Last week Amazon added support for Cross-Origin Resource Sharing (CORS), allowing web and mobile applications to easily interact with resources stored on AWS S3. This is good news for mobile developers as we can now build apps which access and update data stored on S3 without needing a custom proxy server. In this post we will show an example of this technology in action by building an Android app using Nomad for Visual Studio and PhoneGap. The source and app files are included at the end.

What is CORS?
The same origin policy limits how webpages (or mobile apps) on one domain interact with content from another domain. CORS is a specification that allows you to access data stored remotely (for example on S3) from your app without the extra work of passing it through a proxy, as required by this policy. AWS’s support for CORS means you can now “implement HTML5 drag and drop uploads to Amazon S3, show upload progress, or update content” easily from within your app.

In this post we’ll be building an app which accesses a data-store on S3 and allows the user to filter and search through the data. This will be relevant to you if you have a database that your app needs to access, but also needs to be regularly updated. We’re using sample real-estate data and our app will allow the user to search through our database for a house in their city, so lets get started.

Your data and Amazon

To begin with you’ll need an AWS account. You can then upload your data to an S3 bucket. We chose to save our data as a JSON file, as this allows for easy manipulation later. We could easily have used a CSV formatted file instead. Here is a sample of our data so you can get a feel for things (before you get excited about the prices just remember this is all fake data):
[ {
“id”: “8”,
“street”: “2961 19TH AVE”,
“city”: “SACRAMENTO”,
“beds”: “3”,
“baths”: “1”,
“sq__ft”: “1177”,
“price”: “91002”,
“id”: “9”,
“street”: “11150 TRINITY RIVER DR Unit 114”,
“beds”: “2”,
“baths”: “2”,
“sq__ft”: “941”,
“price”: “94905”,

} ]
The next important step is to allow CORS access to your S3 bucket, which can be done in the online console using this guide. Our CORS configuration file looks like this:

The key point is that all headers and origins are allowed, as indicated by the wildcards (*), this will allow your app to access the S3 bucket. For increased security you could specify custom headers, and mirror this in your AJAX call later, but because your code will be run from the local app you need to allow all origins or specify the origin as null. You will also need set the permissions for the data itself so that it is either publicly available or requires authentication, using this guide.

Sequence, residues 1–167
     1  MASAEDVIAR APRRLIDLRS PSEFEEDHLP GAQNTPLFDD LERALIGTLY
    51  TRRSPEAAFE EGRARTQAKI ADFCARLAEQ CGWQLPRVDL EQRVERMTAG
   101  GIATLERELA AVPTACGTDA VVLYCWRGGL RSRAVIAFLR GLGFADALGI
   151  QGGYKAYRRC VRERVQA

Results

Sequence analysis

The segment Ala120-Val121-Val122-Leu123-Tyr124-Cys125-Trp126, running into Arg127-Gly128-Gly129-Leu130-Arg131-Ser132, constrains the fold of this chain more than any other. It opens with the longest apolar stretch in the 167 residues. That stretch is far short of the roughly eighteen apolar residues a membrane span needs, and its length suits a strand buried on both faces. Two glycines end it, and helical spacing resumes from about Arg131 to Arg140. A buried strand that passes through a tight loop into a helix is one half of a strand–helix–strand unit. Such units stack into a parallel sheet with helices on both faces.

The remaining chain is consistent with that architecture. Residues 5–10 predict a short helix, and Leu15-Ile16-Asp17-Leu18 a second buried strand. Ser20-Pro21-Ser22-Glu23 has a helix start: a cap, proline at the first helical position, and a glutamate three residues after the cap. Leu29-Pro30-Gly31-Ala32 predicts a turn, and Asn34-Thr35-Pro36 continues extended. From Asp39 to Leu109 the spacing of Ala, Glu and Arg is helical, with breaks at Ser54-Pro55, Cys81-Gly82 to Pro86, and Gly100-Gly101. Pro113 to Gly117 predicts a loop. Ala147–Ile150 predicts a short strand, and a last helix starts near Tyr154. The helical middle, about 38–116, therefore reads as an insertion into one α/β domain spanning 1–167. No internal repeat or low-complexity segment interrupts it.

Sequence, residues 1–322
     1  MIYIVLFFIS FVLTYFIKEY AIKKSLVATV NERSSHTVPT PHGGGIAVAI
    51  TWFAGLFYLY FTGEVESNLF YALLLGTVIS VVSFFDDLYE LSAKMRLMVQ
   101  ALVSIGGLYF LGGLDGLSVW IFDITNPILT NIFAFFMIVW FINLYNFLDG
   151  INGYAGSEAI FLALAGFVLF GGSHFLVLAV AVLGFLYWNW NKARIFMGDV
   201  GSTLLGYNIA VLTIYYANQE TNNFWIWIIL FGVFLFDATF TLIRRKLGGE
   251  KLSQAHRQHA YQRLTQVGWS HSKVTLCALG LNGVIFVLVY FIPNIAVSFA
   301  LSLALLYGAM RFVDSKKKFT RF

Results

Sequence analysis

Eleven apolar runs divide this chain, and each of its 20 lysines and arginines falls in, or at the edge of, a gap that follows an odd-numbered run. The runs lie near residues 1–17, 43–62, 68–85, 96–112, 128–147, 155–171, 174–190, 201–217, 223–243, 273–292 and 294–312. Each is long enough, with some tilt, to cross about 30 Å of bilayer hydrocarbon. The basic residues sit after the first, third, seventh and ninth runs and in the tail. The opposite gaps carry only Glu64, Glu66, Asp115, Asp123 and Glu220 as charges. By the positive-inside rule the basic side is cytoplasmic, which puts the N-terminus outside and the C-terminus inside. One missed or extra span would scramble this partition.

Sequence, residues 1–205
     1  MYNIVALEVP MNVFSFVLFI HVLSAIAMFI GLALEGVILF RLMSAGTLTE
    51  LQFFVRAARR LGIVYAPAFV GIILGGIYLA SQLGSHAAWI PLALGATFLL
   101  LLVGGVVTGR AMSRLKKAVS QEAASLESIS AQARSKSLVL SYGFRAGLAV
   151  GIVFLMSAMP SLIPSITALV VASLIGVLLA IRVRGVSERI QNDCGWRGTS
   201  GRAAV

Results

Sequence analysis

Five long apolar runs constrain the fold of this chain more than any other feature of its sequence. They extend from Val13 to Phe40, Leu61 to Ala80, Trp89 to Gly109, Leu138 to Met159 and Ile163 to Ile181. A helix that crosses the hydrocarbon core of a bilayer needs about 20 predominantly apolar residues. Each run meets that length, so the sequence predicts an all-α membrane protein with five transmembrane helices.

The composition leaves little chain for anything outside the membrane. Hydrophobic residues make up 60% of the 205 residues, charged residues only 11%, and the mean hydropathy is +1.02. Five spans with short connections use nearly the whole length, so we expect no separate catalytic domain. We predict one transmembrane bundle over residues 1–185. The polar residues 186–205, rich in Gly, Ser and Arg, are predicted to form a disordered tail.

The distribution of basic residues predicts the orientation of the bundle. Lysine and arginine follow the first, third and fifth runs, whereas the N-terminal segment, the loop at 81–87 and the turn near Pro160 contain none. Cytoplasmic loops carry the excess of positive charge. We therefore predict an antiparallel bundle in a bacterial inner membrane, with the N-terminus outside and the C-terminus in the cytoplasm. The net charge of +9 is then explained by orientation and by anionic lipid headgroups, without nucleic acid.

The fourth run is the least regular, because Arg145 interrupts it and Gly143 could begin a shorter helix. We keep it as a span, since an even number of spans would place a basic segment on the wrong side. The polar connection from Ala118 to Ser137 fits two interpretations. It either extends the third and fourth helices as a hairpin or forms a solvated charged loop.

Building the App

Now that the data is accessible you can request it from your app, so lets have a look at that. We started from the Nomad template and removed all demonstration functions, next we requested the data using an AJAX call like this:
url: ‘’,
dataType: ‘json’,
success: function (data) {
The addition of CORS on S3 allows this request to be carried out, previously one would have had to either proxy the request through your own server or used JSONP as a workaround.

The real estate data is now safely downloaded and we can display it in our app. We chose to use DataTables , a plugin for jQuery, as this makes searching through and filtering data easy. Our basic layout looks like this:

function maketable() {
// Initialising the table & setting up some styling parameters
$(‘#dynamictable’).html(‘<table cellpadding=”0″ cellspacing=”0″ border=”0″ class=”table table-striped table-bordered” id=”housetable”></table>’);
// Filling the table with data
//Using our data file from S3
“aaData”: data,
// Defining which columns we want to use from the data
“aoColumns”: [
{ “sTitle”: “City”, “mData”: “city”},
{ “sTitle”: “Bedrooms”, “mData”: “beds” , “bSearchable”: false},
{ “sTitle”: “Bathrooms”, “mData”: “baths”, “bSearchable”: false},
{ “sTitle”: “Square Footage”, “mData”: “sq__ft” , “bSearchable”: false}
{ “sTitle”: “Price”, “mData”: “price”, “bSearchable”: false,
“mRender”: function ( data ) {
return (“$” + data.commafy());
// Sorting the table by the first column
“aaSorting”: [[0, “asc”]],
// Initiallizing TableTools, a styling extension
“sDom”: “<‘row'<‘span6’><‘span6’>r>t<‘row'<‘span6’i><‘span6’p>><‘bottom’f>”,
We have chosen to only display a subset of the data in the original file, but it is all available locally if we need to call it up. We were also able to modify how the data is displayed, for example the price values were converted to commafied strings which are easier to read. We only want users to be able to search using the city field, so the others have been disabled. The resulting table looks like this in the browser:
This table can be sorted by any of the columns and filtered as-you-type using the search box.

The styling for this table was done using Bootstrap which is responsive to different screen sizes so its good for mobile development. Remember to use all the “responsive” options so that your app adjusts to different form factors.

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